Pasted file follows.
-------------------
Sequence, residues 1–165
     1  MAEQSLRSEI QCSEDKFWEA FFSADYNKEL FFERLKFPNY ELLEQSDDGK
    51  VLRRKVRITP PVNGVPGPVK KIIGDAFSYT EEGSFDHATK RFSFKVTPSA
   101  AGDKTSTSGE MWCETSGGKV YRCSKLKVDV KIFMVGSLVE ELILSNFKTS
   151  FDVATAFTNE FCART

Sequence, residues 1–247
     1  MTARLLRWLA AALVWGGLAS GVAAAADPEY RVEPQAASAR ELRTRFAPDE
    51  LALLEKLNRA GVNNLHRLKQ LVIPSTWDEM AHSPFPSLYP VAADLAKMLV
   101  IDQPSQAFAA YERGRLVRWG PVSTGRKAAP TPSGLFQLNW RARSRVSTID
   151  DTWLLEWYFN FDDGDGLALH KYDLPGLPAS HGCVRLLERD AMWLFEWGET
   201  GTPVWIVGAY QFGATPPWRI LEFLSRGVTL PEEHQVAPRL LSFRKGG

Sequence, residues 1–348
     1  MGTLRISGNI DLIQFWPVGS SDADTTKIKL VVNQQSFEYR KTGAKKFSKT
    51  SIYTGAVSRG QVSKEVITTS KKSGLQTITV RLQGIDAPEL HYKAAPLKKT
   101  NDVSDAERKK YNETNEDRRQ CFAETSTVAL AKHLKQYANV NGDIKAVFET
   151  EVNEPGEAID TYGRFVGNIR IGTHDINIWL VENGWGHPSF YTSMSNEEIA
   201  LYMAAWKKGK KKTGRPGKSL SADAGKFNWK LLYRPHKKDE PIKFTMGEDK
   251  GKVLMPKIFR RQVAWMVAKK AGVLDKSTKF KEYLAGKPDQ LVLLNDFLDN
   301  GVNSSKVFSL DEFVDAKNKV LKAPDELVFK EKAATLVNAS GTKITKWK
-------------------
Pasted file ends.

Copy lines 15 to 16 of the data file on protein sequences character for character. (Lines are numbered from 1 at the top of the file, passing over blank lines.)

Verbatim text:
   101  NDVSDAERKK YNETNEDRRQ CFAETSTVAL AKHLKQYANV NGDIKAVFET
   151  EVNEPGEAID TYGRFVGNIR IGTHDINIWL VENGWGHPSF YTSMSNEEIA